Where does the majority of water used in a residence go? Outdoors – in the yard! During the summer months, as much as 50% of water used at a residence is applied to a landscape. Recent summers have required a significant amount of irrigation to keep landscape alive.What’s the solution? Consider Xeriscape Landscaping, a new concept in reducing outdoor water use, which saves time and money.Xeriscape comes from the Greek word Xeros, which means dry. There are seven principles to Xeriscape Landscaping.
- Plan and design the landscape to fit the needs of your unique family situation.
- Limit lawn and shrub areas that require the greatest amount of water for plant maintenance.
- Irrigate efficiently by grouping together like-plants that require similar water needs, and avoid watering during the heat of the day when most water is lost to evaporation.
- Provide a healthy mix of soil nutrients to encourage development of healthy plant growth.
- Mulch flower beds annually to retain moisture, reduce weak growth, and maintain temperature levels.
- Select native or drought tolerant plants that have less water demands.
- Reduce maintenance requirements.
Interested in learning more helpful hints? Learn how mulching can help.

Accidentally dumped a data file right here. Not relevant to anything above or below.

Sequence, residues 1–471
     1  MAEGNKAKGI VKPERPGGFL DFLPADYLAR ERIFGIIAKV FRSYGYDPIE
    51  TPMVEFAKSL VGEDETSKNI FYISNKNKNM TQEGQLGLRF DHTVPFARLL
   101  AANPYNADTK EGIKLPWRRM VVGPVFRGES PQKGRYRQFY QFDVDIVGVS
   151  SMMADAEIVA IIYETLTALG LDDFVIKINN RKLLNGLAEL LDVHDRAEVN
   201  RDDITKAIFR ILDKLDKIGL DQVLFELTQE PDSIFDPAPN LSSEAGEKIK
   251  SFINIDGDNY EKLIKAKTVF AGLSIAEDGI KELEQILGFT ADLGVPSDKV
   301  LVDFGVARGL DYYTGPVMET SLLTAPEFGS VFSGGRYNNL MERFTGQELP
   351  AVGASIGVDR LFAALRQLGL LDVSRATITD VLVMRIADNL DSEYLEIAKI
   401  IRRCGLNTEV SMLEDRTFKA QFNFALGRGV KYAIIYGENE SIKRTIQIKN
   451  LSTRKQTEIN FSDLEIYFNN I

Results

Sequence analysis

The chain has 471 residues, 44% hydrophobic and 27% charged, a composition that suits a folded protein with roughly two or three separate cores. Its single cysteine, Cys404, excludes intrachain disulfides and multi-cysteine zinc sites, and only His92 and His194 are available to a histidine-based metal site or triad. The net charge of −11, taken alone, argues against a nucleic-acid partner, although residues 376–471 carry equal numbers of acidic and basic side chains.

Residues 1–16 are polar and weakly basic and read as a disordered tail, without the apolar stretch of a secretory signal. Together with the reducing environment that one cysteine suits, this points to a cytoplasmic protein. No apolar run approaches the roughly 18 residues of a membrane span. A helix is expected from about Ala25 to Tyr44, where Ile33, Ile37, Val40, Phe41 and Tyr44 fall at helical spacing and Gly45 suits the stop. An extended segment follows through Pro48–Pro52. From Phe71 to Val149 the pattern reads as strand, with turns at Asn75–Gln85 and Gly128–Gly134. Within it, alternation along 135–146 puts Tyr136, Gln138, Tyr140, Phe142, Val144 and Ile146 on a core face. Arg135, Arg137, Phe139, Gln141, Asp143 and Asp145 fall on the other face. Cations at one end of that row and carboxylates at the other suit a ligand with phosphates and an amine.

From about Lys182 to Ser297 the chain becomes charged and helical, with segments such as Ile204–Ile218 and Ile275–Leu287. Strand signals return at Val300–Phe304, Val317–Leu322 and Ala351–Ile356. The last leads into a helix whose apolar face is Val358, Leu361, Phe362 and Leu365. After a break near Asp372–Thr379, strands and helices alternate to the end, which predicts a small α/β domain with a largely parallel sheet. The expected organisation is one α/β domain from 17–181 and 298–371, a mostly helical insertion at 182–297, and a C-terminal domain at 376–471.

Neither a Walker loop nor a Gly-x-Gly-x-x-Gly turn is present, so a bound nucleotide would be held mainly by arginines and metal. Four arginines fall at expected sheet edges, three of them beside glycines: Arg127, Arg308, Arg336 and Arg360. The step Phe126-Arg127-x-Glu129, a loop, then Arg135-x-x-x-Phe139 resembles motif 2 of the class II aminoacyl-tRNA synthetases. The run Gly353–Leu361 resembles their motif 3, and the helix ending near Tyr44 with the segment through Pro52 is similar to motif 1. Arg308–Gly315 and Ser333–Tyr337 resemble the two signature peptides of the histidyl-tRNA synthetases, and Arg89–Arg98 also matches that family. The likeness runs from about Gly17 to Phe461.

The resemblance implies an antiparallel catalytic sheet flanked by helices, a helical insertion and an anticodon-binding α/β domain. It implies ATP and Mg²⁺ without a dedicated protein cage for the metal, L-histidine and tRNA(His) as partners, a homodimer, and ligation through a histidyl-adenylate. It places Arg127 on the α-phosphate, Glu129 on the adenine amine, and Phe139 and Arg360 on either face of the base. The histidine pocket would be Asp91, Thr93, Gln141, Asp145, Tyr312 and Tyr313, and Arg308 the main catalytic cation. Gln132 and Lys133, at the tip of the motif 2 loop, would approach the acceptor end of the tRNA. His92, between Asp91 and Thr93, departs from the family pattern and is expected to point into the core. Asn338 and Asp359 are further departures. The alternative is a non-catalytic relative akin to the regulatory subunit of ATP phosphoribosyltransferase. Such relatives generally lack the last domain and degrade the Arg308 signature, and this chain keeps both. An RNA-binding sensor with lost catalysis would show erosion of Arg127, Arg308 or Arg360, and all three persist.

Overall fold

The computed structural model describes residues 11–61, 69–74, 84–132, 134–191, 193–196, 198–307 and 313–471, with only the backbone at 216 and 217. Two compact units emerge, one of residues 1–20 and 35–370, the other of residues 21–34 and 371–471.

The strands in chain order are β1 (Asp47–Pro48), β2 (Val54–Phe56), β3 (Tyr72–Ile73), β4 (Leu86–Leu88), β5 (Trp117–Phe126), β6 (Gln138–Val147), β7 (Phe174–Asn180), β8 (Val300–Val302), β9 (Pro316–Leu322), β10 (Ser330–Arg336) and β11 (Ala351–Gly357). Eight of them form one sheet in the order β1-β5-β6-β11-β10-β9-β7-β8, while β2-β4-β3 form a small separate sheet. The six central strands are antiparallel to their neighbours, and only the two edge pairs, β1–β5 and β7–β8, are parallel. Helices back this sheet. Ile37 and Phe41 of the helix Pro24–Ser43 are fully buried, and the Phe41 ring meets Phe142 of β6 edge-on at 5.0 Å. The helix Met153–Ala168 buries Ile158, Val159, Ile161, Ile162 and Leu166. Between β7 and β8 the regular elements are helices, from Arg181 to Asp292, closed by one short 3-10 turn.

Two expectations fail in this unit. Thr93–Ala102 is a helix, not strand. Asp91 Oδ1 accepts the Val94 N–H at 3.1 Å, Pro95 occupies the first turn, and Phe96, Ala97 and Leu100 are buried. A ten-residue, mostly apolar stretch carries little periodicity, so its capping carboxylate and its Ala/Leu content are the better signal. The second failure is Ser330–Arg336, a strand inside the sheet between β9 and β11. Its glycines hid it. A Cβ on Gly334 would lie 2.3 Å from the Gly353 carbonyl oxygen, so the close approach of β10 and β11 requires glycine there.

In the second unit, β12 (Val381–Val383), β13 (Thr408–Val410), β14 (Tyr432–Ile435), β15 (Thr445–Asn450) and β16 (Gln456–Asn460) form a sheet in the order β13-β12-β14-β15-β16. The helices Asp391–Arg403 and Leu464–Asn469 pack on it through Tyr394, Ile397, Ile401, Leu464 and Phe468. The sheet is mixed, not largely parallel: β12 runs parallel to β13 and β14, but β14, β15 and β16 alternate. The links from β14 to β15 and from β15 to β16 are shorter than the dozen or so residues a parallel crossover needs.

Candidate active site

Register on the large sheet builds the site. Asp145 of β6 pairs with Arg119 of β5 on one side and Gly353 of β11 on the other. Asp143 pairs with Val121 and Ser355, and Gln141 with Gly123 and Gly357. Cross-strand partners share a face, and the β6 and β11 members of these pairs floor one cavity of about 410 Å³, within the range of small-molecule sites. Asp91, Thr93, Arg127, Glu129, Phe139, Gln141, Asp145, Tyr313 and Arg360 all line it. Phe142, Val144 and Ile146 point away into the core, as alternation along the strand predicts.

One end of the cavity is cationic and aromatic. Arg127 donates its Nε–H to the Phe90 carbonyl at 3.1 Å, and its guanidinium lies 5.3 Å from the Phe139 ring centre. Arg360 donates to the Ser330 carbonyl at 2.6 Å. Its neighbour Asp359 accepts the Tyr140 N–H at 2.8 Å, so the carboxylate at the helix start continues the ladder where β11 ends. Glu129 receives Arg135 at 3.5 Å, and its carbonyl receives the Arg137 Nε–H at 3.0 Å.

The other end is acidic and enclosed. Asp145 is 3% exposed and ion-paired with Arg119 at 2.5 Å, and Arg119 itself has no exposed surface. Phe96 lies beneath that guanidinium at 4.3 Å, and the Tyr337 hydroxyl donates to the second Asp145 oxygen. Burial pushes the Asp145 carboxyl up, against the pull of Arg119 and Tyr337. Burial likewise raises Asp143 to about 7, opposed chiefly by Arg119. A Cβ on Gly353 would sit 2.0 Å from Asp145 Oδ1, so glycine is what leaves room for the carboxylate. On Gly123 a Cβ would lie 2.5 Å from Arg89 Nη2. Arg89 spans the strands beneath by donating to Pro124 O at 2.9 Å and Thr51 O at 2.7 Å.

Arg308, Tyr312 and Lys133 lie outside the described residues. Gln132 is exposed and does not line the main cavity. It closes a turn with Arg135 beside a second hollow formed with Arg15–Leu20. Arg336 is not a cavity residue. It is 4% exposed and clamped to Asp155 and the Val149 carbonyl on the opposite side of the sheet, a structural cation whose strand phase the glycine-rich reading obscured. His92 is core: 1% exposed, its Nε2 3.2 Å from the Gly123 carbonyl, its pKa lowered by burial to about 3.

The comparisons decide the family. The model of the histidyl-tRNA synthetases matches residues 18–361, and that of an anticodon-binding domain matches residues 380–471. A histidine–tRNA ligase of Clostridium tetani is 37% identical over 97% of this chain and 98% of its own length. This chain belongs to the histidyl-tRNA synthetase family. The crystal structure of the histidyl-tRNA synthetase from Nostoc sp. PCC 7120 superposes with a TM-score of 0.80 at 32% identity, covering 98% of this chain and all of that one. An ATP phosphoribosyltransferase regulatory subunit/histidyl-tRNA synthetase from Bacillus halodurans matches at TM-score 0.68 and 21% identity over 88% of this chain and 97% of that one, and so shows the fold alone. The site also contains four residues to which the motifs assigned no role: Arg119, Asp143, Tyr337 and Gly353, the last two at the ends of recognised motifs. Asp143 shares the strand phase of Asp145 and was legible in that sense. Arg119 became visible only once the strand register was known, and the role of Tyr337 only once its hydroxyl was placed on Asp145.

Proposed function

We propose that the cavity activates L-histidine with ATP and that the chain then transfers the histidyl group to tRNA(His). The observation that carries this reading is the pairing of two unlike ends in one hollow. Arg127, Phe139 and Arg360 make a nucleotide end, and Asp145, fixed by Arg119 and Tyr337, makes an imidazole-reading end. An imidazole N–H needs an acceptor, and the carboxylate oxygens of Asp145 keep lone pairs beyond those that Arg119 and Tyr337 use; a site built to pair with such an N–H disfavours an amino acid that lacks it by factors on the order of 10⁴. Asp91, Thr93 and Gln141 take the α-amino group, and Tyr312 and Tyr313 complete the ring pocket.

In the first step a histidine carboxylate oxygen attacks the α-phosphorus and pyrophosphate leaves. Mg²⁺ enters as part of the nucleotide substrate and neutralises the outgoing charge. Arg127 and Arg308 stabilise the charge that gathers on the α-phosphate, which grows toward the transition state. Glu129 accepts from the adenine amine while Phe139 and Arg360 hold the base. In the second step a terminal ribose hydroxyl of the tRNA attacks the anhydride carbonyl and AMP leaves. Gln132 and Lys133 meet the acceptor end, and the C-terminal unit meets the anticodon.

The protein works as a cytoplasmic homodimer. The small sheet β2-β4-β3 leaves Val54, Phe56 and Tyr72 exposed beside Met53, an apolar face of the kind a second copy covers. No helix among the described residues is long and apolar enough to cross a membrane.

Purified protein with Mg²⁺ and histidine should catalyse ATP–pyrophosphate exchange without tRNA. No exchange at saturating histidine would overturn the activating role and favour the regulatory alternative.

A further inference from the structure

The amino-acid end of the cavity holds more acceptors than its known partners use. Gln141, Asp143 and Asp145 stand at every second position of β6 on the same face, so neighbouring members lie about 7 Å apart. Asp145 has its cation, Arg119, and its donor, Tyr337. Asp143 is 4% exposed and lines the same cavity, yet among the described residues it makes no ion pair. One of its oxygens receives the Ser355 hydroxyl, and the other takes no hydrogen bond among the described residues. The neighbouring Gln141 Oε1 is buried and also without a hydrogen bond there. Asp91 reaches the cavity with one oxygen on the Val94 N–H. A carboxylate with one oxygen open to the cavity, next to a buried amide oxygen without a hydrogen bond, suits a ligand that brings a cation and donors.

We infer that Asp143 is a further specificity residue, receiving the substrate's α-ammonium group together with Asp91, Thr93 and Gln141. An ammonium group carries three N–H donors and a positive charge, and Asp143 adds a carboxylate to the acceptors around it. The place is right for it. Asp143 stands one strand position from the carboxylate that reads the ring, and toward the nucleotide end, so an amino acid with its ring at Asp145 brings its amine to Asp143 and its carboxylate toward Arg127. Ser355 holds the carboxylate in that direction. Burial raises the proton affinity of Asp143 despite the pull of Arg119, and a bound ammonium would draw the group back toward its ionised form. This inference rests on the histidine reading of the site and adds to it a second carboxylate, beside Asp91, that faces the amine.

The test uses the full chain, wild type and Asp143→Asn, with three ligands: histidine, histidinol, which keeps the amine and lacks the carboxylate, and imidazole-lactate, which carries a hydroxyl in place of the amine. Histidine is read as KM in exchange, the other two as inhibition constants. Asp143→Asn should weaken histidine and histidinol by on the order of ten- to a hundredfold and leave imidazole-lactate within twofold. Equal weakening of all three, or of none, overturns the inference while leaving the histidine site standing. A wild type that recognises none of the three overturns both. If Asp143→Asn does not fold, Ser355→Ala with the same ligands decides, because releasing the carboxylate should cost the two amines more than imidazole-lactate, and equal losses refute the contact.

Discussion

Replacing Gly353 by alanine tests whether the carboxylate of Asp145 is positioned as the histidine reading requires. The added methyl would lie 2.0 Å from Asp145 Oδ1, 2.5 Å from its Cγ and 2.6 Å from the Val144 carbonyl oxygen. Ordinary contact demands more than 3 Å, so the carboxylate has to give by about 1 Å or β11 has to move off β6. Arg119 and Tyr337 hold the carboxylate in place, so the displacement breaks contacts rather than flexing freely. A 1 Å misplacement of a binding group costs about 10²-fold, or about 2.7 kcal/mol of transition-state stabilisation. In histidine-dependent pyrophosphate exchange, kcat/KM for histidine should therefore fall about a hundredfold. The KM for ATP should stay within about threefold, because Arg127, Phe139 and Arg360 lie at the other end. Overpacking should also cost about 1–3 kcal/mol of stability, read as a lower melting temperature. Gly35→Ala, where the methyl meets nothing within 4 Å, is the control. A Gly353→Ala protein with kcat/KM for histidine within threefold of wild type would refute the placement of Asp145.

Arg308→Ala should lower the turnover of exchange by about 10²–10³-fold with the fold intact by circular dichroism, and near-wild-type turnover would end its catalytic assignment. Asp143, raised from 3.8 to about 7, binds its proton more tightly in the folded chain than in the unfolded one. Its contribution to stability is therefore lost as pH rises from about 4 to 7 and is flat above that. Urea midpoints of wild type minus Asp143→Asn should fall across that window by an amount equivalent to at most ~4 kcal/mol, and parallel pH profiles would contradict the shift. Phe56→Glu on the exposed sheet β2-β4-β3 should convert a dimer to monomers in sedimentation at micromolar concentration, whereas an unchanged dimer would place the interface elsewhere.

Plants, Flowers & Shrubs
These drought-tolerant plants, flowers and shrubs thrive in the Texas sun. They can help conserve water, save money on your water bill and maintain a beautiful landscape through the summer.
Tour the City of Arlington’s Xeriscape Garden
Visit the award-winning Smartscape Demonstration Garden at Veteran’s Park located at 3600 W. Arkansas Ln. and discover the principles which lead to saving water and having a beautiful lawn.
Drip-Irrigated Plants Save Water
Studies have established that a square foot of grass needs 72 gal/year (272.5 L/yr) to survive, according to J.C. Davis, senior public information coordinator of the Southern Nevada Water Authority (SNWA). However, a drip-irrigated plant suited to the climate needs only 17 gal/yr (64 L/yr), a savings of 55 gal/yr (208 L/yr) for each square foot of grass sod replaced.Drip-irrigated plants suited for the climate require dramatically
less water than grass while still preventing the creation
of urban heat islands.
Photo courtesy of SNWA.